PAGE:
“Talent is the desire to practice.” ~ Malcolm Gladwell
“To do writing practice means to deal ultimately with your whole life.” ~ Natalie Goldberg
Would you ever enter a marathon without first beginning a cardiovascular and strength training routine?
Would you ever say that “someday, when you have enough time” you will play all of Chopin’s etudes, without also planning to learn and practice scales and otherwise work on your musical training?
If these scenarios sound ludicrous, consider how often we plunge into writing a play or a novel or a collection of poetry without also adding writing exercise to our routine (and then we wonder why we run out of steam early on). Or how often, when we tell others that we are writers, the response we hear is, “Oh, I plan to write a novel someday, when I have the time,” as if good writing needs no prior preparation or training, no work or practice.
For me, adding regular writing exercises or practice to my daily routine makes a huge difference in how much and how well I write. Making the time for ten or fifteen minutes of warm-up exercises before I dive into my current project is no different from beginning a physical workout with carefully chosen stretches, or starting a piano practice session by running through a progression of chords.
So, why do we so often resist this important part of our writing?
Perhaps it’s because we often view good writing as somehow “magical,” that it happens for no discernible reason, or that it comes from an unseen muse. After all, we can hear musicians play those scales. We watch athletes stretch their calves and shoulders. All we see writers do is scribble away on a piece of paper or tap on a keyboard. Just what are they doing, anyway?? Demystifying the vocation and process of writing often is the first step, for many writers, in finally realizing their goals and making writing a regular part of their life.
Are you interested in adding some writing prompts, exercises, or practice to your routine? Here are some definitions and resources to inform and inspire:
Writing Prompts are simply short textual or visual jumpstarts that give you an idea for what to write about. A textual prompt might be something like “It’s July 28th in the year 2020. Where are you and what are you doing?” See examples of online prompts at The One-Minute Writer and The Write Prompts. Photos also make terrific visual writing prompts.
I’ve used prompts often when I’ve led writing classes or workshops, especially as a way to initiate in-class freewriting at the beginning of a session. They are also good for overcoming temporary writer’s block and finding topics for blog or journal entries. For example, National Blog Posting Month (NaBloPoMo) gives bloggers daily ideas and motivation for what to post. You can browse the site as an unregistered reader or sign up to join “a group of people who have committed to updating their blogs once a day for an entire month.” Take a look at the daily prompts and writing prompt suggestions by readers. Also, check out Plinky. You don’t have to be a blogger to benefit from Plinky’s weekday writing prompts, but if you do have a WordPress.com blog, you can set up your Plinky account to post to your blog. WordPress.com also offers daily writing topics at The Daily Post.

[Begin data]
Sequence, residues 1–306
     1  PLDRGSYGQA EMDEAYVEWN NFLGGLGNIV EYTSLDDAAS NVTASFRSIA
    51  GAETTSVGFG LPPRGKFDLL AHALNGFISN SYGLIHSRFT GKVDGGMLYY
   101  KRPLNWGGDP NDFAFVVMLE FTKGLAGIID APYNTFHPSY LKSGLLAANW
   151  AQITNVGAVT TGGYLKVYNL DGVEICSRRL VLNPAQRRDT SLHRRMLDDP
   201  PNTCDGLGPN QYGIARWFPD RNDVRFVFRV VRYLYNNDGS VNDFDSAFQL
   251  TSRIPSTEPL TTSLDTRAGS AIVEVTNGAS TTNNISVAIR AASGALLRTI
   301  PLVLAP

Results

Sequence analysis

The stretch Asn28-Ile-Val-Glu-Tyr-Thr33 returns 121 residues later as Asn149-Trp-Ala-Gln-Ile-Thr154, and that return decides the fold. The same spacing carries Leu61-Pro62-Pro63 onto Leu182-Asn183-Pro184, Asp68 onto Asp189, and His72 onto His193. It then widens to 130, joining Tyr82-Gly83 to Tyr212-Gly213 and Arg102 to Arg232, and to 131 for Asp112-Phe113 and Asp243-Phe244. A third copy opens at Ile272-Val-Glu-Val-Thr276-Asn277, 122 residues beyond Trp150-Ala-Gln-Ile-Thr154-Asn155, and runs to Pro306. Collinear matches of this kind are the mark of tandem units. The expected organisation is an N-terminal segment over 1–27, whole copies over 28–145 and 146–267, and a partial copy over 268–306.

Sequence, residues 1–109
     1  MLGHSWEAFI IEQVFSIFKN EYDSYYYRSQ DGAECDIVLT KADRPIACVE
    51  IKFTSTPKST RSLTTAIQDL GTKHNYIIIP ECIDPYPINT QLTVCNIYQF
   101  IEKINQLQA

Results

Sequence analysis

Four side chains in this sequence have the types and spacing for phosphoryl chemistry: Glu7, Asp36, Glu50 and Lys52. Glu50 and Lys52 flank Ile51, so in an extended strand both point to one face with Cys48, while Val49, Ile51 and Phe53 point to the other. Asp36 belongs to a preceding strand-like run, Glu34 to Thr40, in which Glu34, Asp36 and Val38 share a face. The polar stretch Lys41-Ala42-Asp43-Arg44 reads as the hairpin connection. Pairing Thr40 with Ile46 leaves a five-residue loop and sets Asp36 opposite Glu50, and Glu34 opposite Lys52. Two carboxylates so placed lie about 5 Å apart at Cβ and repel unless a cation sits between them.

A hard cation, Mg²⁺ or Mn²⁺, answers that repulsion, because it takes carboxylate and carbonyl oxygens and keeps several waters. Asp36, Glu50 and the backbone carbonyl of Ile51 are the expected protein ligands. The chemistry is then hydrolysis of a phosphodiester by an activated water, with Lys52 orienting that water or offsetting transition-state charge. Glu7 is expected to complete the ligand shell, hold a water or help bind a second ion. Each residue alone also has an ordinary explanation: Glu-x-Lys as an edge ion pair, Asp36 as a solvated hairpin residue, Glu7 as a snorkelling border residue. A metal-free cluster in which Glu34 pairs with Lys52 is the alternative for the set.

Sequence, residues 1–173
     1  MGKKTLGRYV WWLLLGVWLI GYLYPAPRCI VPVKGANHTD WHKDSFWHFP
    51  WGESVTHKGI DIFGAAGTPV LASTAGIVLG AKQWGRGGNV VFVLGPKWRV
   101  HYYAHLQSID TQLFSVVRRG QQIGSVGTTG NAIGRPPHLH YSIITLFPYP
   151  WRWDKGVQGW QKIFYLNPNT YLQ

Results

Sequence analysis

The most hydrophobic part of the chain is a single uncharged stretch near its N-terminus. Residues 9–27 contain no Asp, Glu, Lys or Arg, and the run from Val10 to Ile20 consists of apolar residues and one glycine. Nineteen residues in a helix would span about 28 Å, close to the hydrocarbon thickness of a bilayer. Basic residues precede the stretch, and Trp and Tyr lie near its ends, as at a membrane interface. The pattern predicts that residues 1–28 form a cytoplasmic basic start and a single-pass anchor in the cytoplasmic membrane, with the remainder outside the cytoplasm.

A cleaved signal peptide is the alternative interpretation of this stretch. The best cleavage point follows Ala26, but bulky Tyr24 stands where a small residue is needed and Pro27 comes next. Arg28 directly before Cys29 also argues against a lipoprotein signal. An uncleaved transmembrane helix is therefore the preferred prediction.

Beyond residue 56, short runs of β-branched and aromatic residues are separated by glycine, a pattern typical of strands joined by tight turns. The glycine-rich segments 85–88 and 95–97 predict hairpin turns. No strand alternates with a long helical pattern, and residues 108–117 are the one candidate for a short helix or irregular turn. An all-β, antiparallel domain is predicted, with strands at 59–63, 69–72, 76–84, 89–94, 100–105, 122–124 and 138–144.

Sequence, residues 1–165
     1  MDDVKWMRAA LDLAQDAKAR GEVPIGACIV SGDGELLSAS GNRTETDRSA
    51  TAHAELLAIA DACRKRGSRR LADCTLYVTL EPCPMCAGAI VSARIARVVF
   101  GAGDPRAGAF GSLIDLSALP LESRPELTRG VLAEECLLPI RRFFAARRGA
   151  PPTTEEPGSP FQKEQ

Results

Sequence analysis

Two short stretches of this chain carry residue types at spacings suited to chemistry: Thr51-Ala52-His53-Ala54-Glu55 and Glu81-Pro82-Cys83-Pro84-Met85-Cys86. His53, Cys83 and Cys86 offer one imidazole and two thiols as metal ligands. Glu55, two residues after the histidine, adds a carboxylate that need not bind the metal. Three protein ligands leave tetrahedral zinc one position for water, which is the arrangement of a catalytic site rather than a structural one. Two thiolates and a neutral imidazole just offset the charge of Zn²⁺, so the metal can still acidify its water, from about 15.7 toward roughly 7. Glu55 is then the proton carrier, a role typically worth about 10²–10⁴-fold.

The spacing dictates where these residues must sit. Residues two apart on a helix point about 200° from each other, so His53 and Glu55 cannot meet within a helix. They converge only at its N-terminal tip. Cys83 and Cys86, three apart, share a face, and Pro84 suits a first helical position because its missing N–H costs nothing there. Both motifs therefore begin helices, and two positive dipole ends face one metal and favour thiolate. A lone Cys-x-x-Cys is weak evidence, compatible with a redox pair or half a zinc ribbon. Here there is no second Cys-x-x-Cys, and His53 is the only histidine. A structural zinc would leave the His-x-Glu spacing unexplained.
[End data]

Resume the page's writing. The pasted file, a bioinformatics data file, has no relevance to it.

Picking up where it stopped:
Writing exercises are like musical scales and chords, or specific stretches or strength training exercises designed to improve a technique or skill. Whereas prompts are usually unconnected to your current project or goals, writing exercises are often chosen precisely because they help you to strengthen specific areas of your writing. For examples, see Writing Exercises for Creative Fiction Writers from the University of Iowa, or Three Science Fiction Writing Exercises. Writing exercises often also include prompts.
If you want writing exercises that target more specific writing skills, such as punctuation or paraphrasing, be sure to bookmark Purdue’s Online Writing Lab’s OWL Writing Exercises.
Finally, writing practice occurs when we consciously add routine and meaning to our writing, regardless of whether we write professionally or for our eyes only. One of the best books on this subject is Natalie Goldberg’s Writing Down the Bones: Freeing the Writer Within. It was one of the first books on writing I ever read, and I’ve read individual chapters more times than I have fingers to count.
Writing Down the Bones is about not just practicing writing so as to become a better writer, in the sense of the Malcolm Gladwell quotation above, but also making writing our practice, in the sense of disciplining the mind, or, in her words, “as a way to penetrate your life and become sane.”
You can read an excerpt from the expanded edition, where Natalie writes that her wish is for writing students to “come to know themselves, feel joy in expression, trust what they think. Once you connect with your mind, you are who you are and you’re free.” She continues,
“Believe me, you too, can find your place inside the huge terrain of writing. No one is so odd as to be left out.
Now, please, go. Write your asses off.”
What are you waiting for? Begin the week by working up some writing sweat!